It can be achieved using some new ETFs from companies such as BMO and Horizons, or you can find some investment counsellors and brokers that have a particular expertise in this area.

One of the big positives of this strategy is that the income generated is considered capital gains for tax purposes. Not only is this a lower taxed type of income, but for those with a build up of capital losses over the years, this is one of the only ways to ensure a capital gain – effectively getting income with no tax (until you use up your losses).

Given the objectives of the investor (protect capital, boost income, more stability), this covered call option strategy can be very effective.

With these five components, you are able to have an entire investment portfolio without going out too far on the risk front with any security, but generating an income yield easily exceeding 4%. The reason is that the yield on bonds, preferred shares and common stock dividends should be close to 4% on its own. When you add on the income from covered call options, it will easily move you close to the 5% mark.

The key benefits for income investors to this approach are:income yield somewhere between 4% and 5.5% without holding high risk investments; lower volatility; better tax efficiency; total flexibility on cash withdrawals to meet personal needs.

This portfolio is almost certain to outperform the stock market in a down year but just as certainly it will underperform in a strong stock market. However, if many pundits are correct, we may not be seeing many 15%+ years in the market in the near future.

Why you need a Personal Financial Plan


Over 25+ years as an executive in the business world, I have witnessed the value of a good financial plan to a company’s success. Corporations with excellent financial organizations reach their financial goals, or understand the key reasons they were missed. They have metrics for measuring progress and address gaps as they occur. They predict cash overages/shortages and have plans for how to deal with them. And most importantly, the organization’s missions/values and strategies are embedded in their financial plans.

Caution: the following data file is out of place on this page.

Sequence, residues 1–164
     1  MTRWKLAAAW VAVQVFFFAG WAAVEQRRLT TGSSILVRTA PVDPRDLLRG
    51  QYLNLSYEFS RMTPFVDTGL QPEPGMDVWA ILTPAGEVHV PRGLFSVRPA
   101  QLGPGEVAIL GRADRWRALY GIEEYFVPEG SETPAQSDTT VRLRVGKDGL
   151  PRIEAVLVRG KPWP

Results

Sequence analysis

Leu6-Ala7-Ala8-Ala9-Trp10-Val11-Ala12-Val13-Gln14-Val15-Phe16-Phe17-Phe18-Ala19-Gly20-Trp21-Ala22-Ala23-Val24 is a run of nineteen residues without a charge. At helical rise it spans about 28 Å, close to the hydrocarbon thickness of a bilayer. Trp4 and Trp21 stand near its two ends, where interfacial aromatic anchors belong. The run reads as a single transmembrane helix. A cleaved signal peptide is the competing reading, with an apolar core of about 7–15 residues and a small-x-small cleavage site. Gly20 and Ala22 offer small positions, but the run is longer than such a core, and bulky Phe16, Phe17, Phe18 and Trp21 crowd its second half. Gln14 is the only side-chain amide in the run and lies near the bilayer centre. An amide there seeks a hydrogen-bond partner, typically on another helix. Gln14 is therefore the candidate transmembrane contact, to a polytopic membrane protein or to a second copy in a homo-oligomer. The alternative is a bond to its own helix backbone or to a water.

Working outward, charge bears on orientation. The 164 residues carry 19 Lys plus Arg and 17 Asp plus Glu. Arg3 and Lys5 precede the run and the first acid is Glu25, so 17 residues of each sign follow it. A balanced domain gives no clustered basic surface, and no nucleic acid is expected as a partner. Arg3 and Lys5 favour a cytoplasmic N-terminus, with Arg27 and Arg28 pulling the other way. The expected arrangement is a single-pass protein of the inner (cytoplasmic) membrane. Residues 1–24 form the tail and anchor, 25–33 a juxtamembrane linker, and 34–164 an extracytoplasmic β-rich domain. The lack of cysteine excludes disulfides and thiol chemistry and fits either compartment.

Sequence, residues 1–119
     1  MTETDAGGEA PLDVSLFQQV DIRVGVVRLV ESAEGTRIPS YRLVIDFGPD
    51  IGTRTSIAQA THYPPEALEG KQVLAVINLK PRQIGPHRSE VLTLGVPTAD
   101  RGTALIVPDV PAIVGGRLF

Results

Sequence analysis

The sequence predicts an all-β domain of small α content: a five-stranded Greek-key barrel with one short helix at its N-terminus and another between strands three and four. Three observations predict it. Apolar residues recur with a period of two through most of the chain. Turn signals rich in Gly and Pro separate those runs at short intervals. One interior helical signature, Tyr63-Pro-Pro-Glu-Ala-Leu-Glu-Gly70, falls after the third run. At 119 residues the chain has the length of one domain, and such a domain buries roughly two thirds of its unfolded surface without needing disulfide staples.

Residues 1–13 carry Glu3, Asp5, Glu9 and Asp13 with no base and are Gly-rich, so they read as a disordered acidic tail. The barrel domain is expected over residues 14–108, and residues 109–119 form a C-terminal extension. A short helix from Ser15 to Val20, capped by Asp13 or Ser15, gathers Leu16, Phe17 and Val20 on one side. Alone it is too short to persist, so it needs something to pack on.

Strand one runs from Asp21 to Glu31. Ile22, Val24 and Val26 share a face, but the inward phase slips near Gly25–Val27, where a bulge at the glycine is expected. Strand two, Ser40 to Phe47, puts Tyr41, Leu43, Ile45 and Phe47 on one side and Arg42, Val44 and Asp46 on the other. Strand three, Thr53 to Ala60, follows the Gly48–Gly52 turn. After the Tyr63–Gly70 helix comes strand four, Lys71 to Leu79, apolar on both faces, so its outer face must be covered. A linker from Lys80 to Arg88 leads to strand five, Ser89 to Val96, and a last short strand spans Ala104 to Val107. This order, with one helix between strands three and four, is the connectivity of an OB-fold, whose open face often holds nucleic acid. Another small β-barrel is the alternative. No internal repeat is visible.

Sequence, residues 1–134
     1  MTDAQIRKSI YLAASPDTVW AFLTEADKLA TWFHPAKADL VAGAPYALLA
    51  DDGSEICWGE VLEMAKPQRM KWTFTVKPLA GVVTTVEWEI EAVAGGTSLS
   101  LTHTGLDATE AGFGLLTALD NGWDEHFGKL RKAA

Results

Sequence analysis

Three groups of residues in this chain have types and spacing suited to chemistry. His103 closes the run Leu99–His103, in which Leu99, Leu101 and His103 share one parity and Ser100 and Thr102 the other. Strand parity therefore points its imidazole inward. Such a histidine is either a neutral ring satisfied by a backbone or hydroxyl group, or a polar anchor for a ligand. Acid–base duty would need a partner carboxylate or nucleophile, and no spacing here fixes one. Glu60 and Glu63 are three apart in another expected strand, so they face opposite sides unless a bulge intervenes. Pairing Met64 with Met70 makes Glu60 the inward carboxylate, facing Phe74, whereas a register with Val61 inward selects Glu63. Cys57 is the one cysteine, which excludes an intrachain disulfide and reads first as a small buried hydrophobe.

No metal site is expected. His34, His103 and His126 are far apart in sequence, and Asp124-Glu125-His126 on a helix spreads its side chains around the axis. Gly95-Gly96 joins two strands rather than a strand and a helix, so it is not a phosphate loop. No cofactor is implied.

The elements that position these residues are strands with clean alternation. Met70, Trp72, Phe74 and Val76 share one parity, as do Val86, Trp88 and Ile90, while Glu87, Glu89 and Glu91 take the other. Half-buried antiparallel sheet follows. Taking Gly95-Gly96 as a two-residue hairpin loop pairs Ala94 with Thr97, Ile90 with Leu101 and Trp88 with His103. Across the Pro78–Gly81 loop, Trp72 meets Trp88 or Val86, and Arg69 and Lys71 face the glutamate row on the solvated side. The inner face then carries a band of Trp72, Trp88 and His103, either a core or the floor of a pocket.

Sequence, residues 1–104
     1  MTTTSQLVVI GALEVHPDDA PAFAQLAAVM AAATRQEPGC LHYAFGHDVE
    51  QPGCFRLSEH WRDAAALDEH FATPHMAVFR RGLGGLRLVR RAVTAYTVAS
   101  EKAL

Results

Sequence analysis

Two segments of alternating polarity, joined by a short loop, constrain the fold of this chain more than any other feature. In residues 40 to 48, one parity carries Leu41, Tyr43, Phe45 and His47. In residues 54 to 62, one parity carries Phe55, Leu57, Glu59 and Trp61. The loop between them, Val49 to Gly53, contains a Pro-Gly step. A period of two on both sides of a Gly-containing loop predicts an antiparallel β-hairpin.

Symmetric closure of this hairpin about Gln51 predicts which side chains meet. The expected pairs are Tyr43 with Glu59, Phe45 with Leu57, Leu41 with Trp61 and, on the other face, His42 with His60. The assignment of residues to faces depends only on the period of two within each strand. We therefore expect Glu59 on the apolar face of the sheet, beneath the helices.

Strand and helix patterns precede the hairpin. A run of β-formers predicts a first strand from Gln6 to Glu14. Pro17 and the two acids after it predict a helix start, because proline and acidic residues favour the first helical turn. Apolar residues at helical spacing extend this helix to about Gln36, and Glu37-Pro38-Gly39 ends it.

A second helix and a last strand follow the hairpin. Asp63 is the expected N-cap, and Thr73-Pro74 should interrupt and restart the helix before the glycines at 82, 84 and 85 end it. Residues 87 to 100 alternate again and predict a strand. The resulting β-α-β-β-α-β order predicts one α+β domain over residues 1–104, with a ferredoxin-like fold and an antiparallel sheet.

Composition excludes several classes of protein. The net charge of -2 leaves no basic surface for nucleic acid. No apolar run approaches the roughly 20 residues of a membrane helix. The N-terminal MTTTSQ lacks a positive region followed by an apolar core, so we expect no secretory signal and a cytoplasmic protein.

In the same way, a financial plan is a critical tool for you to achieve your financial goals; when done well it will reflect your personal goals and values. Do you want to leave funds for your children, do you want to support a local charity or association you participate in, do you want to travel regularly, do you want to live financially independent in the near future, do you want to have a high “sleep at night” factor in your investments? All of these goals should be embedded in your financial plan.

A basic financial plan can help you identify “your number” (how much you need to retire) to guide you in your retirement investing. A good financial plan will do more than that: It will time your cash-flows in order to minimize your taxes and maximize your government benefits. It will provide a range of sensitivities on age, investment performance, and inflation so you can make the decisions today to prepare yourself for a variety of possible scenarios for your future. It will provide investment allocations that will maximize your capital preservation while minimizing your risk.

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At critical stages in your life you should do a financial plan – such as when approaching retirement, a change in your family situation, or if you are looking for a 2nd opinion on your investment portfolio. There are many sources of a good financial planner, whether through the internet, the FPSC website or through your own network. Search for someone you feel comfortable with, have a sense of trust and respect to prepare a financial plan that reflects your goals, your values and your risk profile.

Gail Cosman
Senior Wealth Advisor
TriDelta Financial

How to Take Money out of Your Small Business Tax Efficiently


This is part one in a multi-part series explaining some of the lesser know strategies used to effectively get money out of your corporation most tax efficiently.

Many small business owners work a lifetime to build up retained earnings in their corporations, only to have CRA punish them with double taxation when they decide to take that capital out of their business.  If you have planned well, you’ve maximized your RRSPs or other savings vehicles and have paid down personal debt.

Through good planning advice, you can distribute money out of your corporation in various tax-preferred ways.

  • Declare dividends to a lower income shareholder (Spouse or Children over 18). 
    • You can issue shares to children over 18 years of age, as well as your spouse, and declare dividends to those share classes.  In many cases, these dividends can be received with almost no tax implications.  This can be very helpful in funding post-secondary education, or other expenses relating to your children
  • Utilize the Capital Dividend Account (CDA)
    • 50% of any taxable capital gains generated inside the corporation will credit the CDA